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The article is off to a good start, but the language in certain passages needs improvment. Also more refererence to the work would not hurt. Additionally the translations seem weak, and if they are original could use some work. I am not familiar enough with frege's work to attempt this, nor do I have access to original works to flesh out quotes. Oceanofperceptions 00:40, 3 January 2006 (UTC)
- I agree that this is a good start, but whoever rewrites it should remember that this is supposed to be an encyclopedia article for general readers who are curious about the subject, not really for undergraduates who already know something about it and want to be better oriented than they already are. It doesn't make things clearer to say that the Begriffsschrift 'is essentially classical bivalent second-order logic with identity', because most general readers don't know what that is; you can't explain something by referring to something else that assumes a fair degree of prior knowledge. Having said that, the table comparing Frege's notation to modern notation strikes me as a model of its kind. Lexo 16:57, 25 March 2007 (UTC)
More material at de:Begriffsschrift
- Last night I added a table to the German version that compares the Begriffsschrift and modern notation. Most of the images used there are on Commons, so you just have to replace "Bild:" with "Image:" in the table if you want to use it. Example:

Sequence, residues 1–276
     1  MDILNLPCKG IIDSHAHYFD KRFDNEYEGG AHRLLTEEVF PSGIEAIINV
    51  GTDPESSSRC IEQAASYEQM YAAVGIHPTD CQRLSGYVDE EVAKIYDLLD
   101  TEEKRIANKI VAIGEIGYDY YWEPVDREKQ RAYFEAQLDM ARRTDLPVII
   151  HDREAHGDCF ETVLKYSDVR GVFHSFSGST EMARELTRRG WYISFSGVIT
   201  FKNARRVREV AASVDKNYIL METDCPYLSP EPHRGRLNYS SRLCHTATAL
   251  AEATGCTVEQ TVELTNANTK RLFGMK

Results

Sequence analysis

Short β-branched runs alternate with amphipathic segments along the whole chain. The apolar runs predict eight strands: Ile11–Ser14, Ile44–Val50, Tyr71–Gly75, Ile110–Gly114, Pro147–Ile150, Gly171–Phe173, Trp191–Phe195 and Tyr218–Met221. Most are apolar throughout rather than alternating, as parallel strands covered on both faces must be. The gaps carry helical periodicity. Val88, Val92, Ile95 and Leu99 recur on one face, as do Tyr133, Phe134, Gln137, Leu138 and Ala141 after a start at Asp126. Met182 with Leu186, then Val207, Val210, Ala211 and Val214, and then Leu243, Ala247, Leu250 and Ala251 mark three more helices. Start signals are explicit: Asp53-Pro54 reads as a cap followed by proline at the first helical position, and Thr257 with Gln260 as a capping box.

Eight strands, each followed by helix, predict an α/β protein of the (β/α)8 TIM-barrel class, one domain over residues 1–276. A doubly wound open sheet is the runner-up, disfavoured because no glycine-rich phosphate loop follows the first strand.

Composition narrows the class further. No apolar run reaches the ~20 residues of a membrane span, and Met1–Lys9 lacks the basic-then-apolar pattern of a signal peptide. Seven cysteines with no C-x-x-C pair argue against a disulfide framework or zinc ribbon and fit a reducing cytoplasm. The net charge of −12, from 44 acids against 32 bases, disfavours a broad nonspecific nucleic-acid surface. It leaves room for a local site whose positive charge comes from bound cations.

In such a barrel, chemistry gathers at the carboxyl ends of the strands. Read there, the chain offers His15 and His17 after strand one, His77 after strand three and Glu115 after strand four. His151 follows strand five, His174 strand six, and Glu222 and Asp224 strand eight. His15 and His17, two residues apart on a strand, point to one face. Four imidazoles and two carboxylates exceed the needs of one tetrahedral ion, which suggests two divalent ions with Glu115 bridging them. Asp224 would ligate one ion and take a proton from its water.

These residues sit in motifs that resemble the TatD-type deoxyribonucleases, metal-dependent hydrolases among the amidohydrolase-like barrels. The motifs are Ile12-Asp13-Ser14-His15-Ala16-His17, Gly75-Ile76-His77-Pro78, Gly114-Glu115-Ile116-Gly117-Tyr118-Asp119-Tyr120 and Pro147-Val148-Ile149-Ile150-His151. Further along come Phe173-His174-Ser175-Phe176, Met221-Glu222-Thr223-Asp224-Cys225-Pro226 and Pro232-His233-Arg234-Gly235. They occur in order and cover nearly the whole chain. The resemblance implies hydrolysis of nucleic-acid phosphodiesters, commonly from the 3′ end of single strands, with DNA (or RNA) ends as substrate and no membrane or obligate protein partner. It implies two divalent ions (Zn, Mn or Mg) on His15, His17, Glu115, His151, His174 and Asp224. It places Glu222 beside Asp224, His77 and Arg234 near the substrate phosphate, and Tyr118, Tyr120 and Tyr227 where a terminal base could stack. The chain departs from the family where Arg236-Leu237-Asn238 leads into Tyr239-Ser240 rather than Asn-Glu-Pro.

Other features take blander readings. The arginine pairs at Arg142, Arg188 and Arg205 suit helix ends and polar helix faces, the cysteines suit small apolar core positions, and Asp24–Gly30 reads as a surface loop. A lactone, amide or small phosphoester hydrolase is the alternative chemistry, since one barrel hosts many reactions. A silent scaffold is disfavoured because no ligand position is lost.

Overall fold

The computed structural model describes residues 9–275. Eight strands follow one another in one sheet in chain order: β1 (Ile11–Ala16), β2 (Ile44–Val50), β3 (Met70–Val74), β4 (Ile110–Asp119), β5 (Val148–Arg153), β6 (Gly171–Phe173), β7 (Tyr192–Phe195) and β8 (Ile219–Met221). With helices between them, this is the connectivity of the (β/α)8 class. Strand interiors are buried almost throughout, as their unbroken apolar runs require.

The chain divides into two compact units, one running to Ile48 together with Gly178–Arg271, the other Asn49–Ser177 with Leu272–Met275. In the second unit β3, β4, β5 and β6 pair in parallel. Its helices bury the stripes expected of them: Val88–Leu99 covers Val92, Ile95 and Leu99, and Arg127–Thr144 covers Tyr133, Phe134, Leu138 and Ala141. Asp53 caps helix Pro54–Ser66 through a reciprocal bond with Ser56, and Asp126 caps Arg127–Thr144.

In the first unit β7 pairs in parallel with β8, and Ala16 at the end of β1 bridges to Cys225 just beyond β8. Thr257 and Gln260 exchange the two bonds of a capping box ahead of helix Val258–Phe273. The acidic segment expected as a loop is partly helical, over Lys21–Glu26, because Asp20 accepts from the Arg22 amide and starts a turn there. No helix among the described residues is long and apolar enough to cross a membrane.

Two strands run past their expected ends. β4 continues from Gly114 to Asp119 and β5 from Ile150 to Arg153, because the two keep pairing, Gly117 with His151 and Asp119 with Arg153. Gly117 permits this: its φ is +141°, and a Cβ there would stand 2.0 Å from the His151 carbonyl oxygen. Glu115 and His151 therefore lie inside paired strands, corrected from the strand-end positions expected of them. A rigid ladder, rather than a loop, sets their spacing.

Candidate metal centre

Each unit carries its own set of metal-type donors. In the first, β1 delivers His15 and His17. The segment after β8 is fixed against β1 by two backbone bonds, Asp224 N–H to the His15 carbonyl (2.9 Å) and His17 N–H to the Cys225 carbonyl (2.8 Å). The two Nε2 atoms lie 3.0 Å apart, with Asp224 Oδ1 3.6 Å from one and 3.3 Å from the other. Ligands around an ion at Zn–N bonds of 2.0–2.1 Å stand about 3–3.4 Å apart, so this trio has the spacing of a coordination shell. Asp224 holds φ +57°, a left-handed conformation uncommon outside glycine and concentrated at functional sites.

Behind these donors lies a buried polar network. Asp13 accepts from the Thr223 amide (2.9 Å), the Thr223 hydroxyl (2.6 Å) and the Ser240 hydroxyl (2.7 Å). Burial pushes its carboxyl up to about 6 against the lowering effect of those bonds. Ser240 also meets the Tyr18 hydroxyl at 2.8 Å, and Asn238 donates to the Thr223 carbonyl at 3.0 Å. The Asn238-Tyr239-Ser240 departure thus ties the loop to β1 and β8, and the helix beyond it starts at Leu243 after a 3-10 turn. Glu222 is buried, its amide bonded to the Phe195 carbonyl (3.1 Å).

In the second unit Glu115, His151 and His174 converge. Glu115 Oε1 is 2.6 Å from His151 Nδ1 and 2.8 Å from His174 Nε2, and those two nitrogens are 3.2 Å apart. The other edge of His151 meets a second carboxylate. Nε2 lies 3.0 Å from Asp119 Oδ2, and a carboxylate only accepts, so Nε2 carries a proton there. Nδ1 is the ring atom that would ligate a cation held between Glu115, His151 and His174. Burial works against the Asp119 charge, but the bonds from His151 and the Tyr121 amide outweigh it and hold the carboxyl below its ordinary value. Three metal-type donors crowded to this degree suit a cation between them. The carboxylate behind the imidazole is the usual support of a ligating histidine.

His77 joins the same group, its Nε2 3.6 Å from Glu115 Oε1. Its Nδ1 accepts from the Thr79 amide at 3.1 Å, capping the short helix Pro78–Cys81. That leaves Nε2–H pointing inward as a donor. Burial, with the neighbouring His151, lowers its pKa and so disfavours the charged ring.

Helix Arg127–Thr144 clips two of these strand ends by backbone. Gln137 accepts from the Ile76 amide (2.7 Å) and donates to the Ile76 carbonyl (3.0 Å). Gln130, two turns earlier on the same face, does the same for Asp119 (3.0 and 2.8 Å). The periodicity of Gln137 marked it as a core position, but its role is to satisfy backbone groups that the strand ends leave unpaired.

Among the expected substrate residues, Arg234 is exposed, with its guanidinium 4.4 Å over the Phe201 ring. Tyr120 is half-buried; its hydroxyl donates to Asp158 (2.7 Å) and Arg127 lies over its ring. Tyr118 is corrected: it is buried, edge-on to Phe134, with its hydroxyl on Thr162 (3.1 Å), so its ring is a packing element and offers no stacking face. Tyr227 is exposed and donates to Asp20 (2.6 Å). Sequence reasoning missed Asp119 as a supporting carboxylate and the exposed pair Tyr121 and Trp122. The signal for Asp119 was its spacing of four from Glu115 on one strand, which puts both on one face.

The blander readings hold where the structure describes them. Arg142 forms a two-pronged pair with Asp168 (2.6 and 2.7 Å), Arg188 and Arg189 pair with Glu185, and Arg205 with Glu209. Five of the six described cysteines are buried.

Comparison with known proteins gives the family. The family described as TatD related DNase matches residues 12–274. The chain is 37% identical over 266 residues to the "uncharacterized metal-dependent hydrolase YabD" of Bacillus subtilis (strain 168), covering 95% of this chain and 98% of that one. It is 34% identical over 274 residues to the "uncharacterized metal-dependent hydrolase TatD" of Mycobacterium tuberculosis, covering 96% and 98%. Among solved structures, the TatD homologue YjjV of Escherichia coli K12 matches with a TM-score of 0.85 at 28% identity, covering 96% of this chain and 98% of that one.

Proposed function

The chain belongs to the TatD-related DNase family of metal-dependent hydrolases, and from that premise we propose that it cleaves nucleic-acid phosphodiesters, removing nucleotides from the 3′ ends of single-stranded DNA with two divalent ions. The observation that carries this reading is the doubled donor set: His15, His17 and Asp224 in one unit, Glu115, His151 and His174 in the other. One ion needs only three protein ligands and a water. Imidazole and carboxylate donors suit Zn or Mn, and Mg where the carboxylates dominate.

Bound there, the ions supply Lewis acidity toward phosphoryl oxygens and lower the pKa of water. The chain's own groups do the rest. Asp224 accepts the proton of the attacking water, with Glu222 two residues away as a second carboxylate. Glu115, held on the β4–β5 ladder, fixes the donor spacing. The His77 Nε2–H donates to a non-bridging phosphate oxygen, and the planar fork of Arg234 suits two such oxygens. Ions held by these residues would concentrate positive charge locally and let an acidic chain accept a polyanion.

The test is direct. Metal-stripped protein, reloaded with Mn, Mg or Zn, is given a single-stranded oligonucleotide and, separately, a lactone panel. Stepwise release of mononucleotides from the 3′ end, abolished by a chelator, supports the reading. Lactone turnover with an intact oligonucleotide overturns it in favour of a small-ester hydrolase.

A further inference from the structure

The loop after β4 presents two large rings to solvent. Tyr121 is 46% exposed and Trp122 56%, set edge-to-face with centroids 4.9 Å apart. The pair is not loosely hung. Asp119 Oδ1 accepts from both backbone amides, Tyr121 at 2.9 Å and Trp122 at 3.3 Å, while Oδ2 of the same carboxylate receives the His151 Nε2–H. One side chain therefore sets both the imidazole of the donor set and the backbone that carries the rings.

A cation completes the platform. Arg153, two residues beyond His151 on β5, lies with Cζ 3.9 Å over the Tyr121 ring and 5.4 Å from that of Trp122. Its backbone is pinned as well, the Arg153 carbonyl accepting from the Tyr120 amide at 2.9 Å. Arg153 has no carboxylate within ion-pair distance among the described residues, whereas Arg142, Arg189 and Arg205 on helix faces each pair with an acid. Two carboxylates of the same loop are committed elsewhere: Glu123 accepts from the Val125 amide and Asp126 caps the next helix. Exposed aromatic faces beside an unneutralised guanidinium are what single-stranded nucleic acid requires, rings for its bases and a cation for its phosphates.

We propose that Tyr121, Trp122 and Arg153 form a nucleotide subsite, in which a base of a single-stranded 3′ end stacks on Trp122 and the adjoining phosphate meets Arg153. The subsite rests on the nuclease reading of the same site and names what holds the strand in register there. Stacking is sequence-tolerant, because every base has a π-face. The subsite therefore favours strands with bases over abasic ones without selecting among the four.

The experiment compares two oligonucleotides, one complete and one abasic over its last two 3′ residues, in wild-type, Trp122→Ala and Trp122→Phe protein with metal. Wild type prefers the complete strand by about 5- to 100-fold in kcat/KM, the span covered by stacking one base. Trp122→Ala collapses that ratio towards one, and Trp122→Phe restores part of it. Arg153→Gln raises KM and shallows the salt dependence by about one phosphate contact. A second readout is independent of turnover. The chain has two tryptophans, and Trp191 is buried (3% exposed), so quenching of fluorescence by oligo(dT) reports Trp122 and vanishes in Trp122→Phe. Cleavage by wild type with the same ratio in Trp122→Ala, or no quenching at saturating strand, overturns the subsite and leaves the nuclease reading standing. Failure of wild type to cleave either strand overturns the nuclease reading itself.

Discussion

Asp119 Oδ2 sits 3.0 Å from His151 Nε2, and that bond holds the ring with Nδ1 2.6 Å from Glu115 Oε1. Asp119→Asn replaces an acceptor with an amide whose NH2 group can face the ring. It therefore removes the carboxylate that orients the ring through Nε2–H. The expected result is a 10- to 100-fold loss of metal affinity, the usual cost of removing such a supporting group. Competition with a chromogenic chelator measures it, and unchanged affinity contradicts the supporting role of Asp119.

- --Jan Schreiber 10:45, 2 September 2007 (UTC)
I first looked for this article under the misspelling "Begriffschrift" and was surprised no article existed and started getting ready to write one, before discovering the misspelling. Could someone add a redirect from the misspelled title to this article? Thanks.
New entry ancestral relation
I have moved the technical discussion of Frege's beloved "ancestral" to the new stand-alone entry ancestral relation. I have also edited this discussion a fair bit.
Typically, mathematical and philosophical concepts have no clear originator (modulo the witticism that everything truly worthwhile can be found somewhere in Plato!). Mathematical logic is a clear exception; it begins with the Begriffschrift. But so few copies of the B were printed, its notation was so off-putting, and Frege was so sarcastic in print when debating with others, that this historical fact did not become standard knowledge until the 1960s. It is an interesting question how many university libraries in the English speaking world had a copy of the B before WWII. The Library of Congress of the USA did not acquire its copy of the B until 1964! The first order logic we all employ and love mostly stems from the writings of Charles Peirce and Peano. Peirce and his student Oscar Mitchell invented quantification in the 1880s; they knew nothing of Frege. Peano read Peirce and Frege. All of Europe, Russell and Whitehead included, read Peano.Palnot (talk) 09:58, 22 February 2008 (UTC)
I don't understand the meaning of the first line in the judging table. Frege used turnstile to mean what, exactly? Something different from the modern meaning? -- Walt Pohl (talk) 15:24, 18 November 2009 (UTC)